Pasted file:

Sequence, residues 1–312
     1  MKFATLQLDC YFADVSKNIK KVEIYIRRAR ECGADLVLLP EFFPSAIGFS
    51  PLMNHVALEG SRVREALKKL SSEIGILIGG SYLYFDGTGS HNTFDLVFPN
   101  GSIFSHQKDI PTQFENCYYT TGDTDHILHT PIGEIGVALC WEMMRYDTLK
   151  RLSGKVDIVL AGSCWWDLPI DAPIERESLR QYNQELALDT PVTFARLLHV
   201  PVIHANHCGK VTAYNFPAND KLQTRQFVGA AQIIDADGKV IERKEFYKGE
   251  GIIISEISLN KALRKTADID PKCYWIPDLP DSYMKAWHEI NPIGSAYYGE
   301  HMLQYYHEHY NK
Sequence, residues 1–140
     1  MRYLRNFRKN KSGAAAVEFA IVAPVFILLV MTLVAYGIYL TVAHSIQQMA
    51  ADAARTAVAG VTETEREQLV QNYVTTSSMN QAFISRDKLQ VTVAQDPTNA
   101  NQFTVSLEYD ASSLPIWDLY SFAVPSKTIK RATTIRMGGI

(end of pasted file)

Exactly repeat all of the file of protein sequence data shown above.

Sequence, residues 1–312
     1  MKFATLQLDC YFADVSKNIK KVEIYIRRAR ECGADLVLLP EFFPSAIGFS
    51  PLMNHVALEG SRVREALKKL SSEIGILIGG SYLYFDGTGS HNTFDLVFPN
   101  GSIFSHQKDI PTQFENCYYT TGDTDHILHT PIGEIGVALC WEMMRYDTLK
   151  RLSGKVDIVL AGSCWWDLPI DAPIERESLR QYNQELALDT PVTFARLLHV
   201  PVIHANHCGK VTAYNFPAND KLQTRQFVGA AQIIDADGKV IERKEFYKGE
   251  GIIISEISLN KALRKTADID PKCYWIPDLP DSYMKAWHEI NPIGSAYYGE
   301  HMLQYYHEHY NK
Sequence, residues 1–140
     1  MRYLRNFRKN KSGAAAVEFA IVAPVFILLV MTLVAYGIYL TVAHSIQQMA
    51  ADAARTAVAG VTETEREQLV QNYVTTSSMN QAFISRDKLQ VTVAQDPTNA
   101  NQFTVSLEYD ASSLPIWDLY SFAVPSKTIK RATTIRMGGI